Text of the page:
Local Turkey

Diyarbakir aims to get its share of tourism cake

Governor of Turkish city says pandemic inflicts blow on tourism, but officials use break for renovations of historical, cultural values

With its historical, cultural, and gastronomical values, Turkey’s southeastern Diyarbakir province seeks to be the regional champion of tourism and appeal to both national and international tourists.

In an interview with Anadolu Agency, Governor Munir Karaloglu said Diyarbakir had always been one of the focal points of history and possessed countless historical artifacts. Still, the city failed to draw the number of visitors it deserved so far, yet this trend would change drastically soon.

“Diyarbakir is an ancient city with a strong history, culture and gastronomy,” he said but warned that such qualifications would not mean direct touristic interest as the local and regional touristic values had to be included in a full package benefitting both the visitors and employees in the tourism sector.

Although the COVID-19 pandemic has adversely affected tourism across the world, the governor believes the future is bright for Diyarbakir as the state authorities used the pandemic period to continue renovation activities and the advertisement.

The touristic development of Diyarbakir is also expected to trigger an increase in the count of visitors to other southeastern cities such as Mardin and Sanliurfa, which are addressed as the “golden trio of upper Mesopotamia” along with Diyarbakir, according to the governor who argued tourists would flock to the region, not just Diyarbakir if there were enough advertisement as they had already possessed various historical and cultural assets.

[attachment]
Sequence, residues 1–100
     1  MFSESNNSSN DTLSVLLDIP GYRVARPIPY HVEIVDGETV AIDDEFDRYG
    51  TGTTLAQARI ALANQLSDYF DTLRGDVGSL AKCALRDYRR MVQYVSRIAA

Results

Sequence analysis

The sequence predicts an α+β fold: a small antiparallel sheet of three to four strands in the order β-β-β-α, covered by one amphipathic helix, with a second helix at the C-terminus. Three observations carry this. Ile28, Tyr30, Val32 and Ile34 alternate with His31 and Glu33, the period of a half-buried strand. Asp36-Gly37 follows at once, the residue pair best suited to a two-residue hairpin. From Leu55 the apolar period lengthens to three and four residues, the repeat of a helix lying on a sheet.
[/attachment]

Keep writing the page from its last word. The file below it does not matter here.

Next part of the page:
Stressing that related departments of the cities and the Ministry of Culture and Tourism held meetings in which they discussed strengthening culture and belief tourism to the region and marketing of their heritage of the cities, he went on to say that travel agencies have begun to sell tour packages enabling a regional traveling experience for visitors, and this would help the region gain more share of the tourism industry in the country.

The word “Mesopotamia” translates to “between the rivers” in ancient Greek, a reference to the Tigris and the Euphrates, the rivers that thrived humanity but also triggered some of the wildest and bloodiest wars throughout history. Many small and large-scale states and empires were built upon this soil, offering plentiful natural resources essential for survival. Some of the remnants of these civilizations survived to this date and await history-lovers and travelers.

The Assyrian Empire, the Roman Empire, Alexander the Great’s Macedonia, Hellenistic states, the Ayyubids, the Abbasid Caliphate, the Seljuk Empire and the Ottoman Empire are some of those states that once ruled these lands.

The governor noted Diyarbakir also had a religious significance as it was conquered by Muslims in 639, only a few years following the conquest of Mecca in Saudi Arabia, which stands as the holiest city of Islam, adding the religious background of the city also draw many people interested in the cultural dimension of touristic activities.

“Since conquest of Diyarbakir, the Adhan has been recited here without a break,” he said and noted that the local administration was planning to designate a week dedicated to the conquest of Diyarbakir, which took place on May 27, 639 AD.

Diyarbakir is home to the Hevsel Gardens used for agricultural purposes for more than 8,000 years, the Great Ulu Mosque, one of the oldest mosques of Anatolia, Malabadi bridge built by the Artuqid period in the 12th century, Hasuni Cave city in which pre-historic people inhabited during the early years of Christianity, Zerzevan Castle which is a Roman military facility containing templet of Mithraism, a mysterious religion.


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